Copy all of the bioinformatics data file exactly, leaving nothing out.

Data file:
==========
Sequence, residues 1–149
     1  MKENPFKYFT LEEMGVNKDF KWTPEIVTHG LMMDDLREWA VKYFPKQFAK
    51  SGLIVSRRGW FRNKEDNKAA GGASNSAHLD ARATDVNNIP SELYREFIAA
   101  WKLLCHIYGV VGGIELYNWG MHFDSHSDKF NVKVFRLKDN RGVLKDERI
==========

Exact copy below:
Sequence, residues 1–149
     1  MKENPFKYFT LEEMGVNKDF KWTPEIVTHG LMMDDLREWA VKYFPKQFAK
    51  SGLIVSRRGW FRNKEDNKAA GGASNSAHLD ARATDVNNIP SELYREFIAA
   101  WKLLCHIYGV VGGIELYNWG MHFDSHSDKF NVKVFRLKDN RGVLKDERI